2021 Chevy Tahoe first ride review: Smoother is better
We got whipped around GM's proving grounds in the passenger seat of GM's latest SUV, and we have thoughts.
Craig ColeFormer reviews editor
Craig brought 15 years of automotive journalism experience to the Cars team. A lifelong resident of Michigan, he's as happy with a wrench or welding gun in hand as he is in front of the camera or behind a keyboard. When not hosting videos or cranking out features and reviews, he's probably out in the garage working on one of his project cars. He's fully restored a 1936 Ford V8 sedan and then turned to resurrecting another flathead-powered relic, a '51 Ford Crestliner. Craig has been a proud member of the Automotive Press Association (APA) and the Midwest Automotive Media Association (MAMA).
Did you hear? Redesigned versions of the
were just revealed on Tuesday evening. These 2021 models promise to be a huge step up from what Bowtie stores are selling today, with more interior space and better dynamics, two things partly enabled by a new independent rear suspension.
Showing confidence in its latest utility vehicles, at a technical presentation before the vehicles' formal unveiling, GM engineers took members of the media, including Roadshow, for back-to-back rides in the 2021 Tahoe and a similarly equipped
, arguably the
fiercest opponent. Somewhat ironically, Dearborn has fitted this hefty SUV with independent rear suspension since about the 2003 model year, though its
pony car didn't really gain this ride-and-handling enhancer until 2015. (Yes, a small run of Cobras did feature IRS before the S550-generation Mustang came out, but the feature was not standard across the lineup until 2015.)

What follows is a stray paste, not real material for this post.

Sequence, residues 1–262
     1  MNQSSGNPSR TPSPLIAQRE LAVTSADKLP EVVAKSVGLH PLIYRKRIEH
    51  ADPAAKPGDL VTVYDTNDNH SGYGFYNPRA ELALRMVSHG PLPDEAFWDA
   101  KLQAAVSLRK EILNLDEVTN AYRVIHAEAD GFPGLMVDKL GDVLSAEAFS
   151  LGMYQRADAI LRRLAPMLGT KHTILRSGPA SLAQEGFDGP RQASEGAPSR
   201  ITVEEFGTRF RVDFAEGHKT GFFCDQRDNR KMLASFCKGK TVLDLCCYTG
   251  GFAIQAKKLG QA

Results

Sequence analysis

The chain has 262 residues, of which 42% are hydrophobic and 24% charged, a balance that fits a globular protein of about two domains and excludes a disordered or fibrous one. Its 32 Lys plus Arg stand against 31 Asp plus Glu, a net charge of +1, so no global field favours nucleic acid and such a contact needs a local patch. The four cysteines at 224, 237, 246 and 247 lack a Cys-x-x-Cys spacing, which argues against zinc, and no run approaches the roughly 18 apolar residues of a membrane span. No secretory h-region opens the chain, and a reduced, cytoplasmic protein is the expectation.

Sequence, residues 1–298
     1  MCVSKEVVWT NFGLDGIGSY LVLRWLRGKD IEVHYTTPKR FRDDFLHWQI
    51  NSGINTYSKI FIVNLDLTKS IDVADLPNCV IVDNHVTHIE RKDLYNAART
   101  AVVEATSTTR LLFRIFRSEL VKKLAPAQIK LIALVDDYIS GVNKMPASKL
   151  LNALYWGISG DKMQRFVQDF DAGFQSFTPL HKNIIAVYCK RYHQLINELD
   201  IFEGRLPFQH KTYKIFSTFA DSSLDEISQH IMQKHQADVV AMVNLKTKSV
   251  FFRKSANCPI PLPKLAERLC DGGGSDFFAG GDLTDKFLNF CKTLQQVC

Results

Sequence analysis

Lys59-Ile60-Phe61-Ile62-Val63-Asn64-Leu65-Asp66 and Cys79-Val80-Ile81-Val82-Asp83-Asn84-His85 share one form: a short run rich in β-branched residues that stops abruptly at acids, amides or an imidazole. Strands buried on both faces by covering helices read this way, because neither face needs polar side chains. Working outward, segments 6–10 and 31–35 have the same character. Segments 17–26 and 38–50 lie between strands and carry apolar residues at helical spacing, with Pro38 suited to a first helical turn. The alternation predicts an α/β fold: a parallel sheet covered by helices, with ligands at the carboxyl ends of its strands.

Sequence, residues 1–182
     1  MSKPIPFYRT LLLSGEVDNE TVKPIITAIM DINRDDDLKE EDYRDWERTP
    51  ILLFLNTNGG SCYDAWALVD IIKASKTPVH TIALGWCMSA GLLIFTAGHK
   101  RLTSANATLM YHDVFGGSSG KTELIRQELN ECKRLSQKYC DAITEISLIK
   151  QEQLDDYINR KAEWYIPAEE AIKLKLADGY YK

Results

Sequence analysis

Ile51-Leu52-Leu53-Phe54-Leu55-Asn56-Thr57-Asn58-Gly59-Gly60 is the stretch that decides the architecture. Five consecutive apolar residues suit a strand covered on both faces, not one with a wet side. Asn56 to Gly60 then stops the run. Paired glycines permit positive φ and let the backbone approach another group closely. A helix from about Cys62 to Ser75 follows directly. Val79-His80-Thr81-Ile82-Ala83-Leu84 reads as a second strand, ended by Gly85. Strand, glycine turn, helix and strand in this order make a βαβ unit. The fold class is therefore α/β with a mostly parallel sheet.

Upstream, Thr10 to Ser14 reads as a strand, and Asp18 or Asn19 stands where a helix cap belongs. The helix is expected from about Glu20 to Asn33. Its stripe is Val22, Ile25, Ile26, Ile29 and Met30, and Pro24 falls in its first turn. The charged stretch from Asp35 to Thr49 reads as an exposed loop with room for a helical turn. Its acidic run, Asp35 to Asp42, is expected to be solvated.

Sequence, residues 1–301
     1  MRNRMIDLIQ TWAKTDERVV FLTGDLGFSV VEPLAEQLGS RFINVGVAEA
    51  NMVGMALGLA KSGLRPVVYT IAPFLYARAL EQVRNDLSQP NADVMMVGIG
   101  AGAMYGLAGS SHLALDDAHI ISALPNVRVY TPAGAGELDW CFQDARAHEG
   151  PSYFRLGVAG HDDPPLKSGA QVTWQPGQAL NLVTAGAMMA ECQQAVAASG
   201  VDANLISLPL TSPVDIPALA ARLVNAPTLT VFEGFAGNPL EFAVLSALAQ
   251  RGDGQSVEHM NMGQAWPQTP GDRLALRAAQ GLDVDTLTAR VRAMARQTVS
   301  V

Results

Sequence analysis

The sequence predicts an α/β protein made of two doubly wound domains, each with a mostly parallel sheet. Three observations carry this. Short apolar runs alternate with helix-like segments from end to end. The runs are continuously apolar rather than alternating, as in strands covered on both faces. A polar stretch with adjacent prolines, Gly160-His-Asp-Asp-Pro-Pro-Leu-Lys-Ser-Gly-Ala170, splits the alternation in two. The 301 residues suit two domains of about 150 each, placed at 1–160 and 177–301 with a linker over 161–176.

First, we were chauffeured around in a 2020 Expedition. For the most part, the SUV tackled GM's ride-and-handling course with confidence, though some larger surface imperfections, when taken at speed, resulted in passengers bobbing around quite a bit. These motions were digested relatively quickly by the suspension, but not before they could jostle us riders.
Possibly because of stiffer springs, or maybe heavier wheels, the
also seemed a bit jiggly, like the underlying frame was flexing over harsh surfaces including expansion joints and railroad tracks. Again, nothing major here, the Expedition is still an excellent SUV, but by comparison, Chevy's latest appears to really be bringing its A-game.
After a lap in the Ford, we switched to a similarly equipped 2021 Tahoe in range-topping High Country trim, one fitted not only with an independently sprung rear, but also magnetic dampers and an adjustable air-suspension system, the ultimate arrangement GM will offer on this truck and its larger sibling, the Suburban.
While driven at similar speeds on the same course, Chevy's latest Tahoe felt noticeably softer than the Ford. Not only was the ride a touch smoother, it also seemed more controlled. The body, and passengers inside, moved around less while traversing irregular roadways. The interior also seemed a bit quieter, though the sweet music produced by its 6.2-liter V8 was a welcome soundtrack, something Ford's turbocharged EcoBoost V6 could never quite match.
For consistency, I occupied the second-row, passenger-side seat in both
. As for comfort, it's a toss-up between the two, but the Chevy likely has a slight edge over its rival in this area, though it will be interesting to see how the Tahoe, when fitted with the standard, coil-spring suspension compares to a similarly equipped Expedition. Air bags and magnetic ride control dampers are major technical advancements that should deliver a superior ride.
One interesting observation from this regrettably short comparison, the Chevy appears to have less ground clearance than the Ford, though no official figures were included in the press materials shared by GM. Parts of its rear suspension hangs unexpectedly low, noticeably closer to the Earth than the Expedition's. It's unlikely many customers do hardcore off-roading in Tahoes or Suburbans, but this could be an issue for the few who do.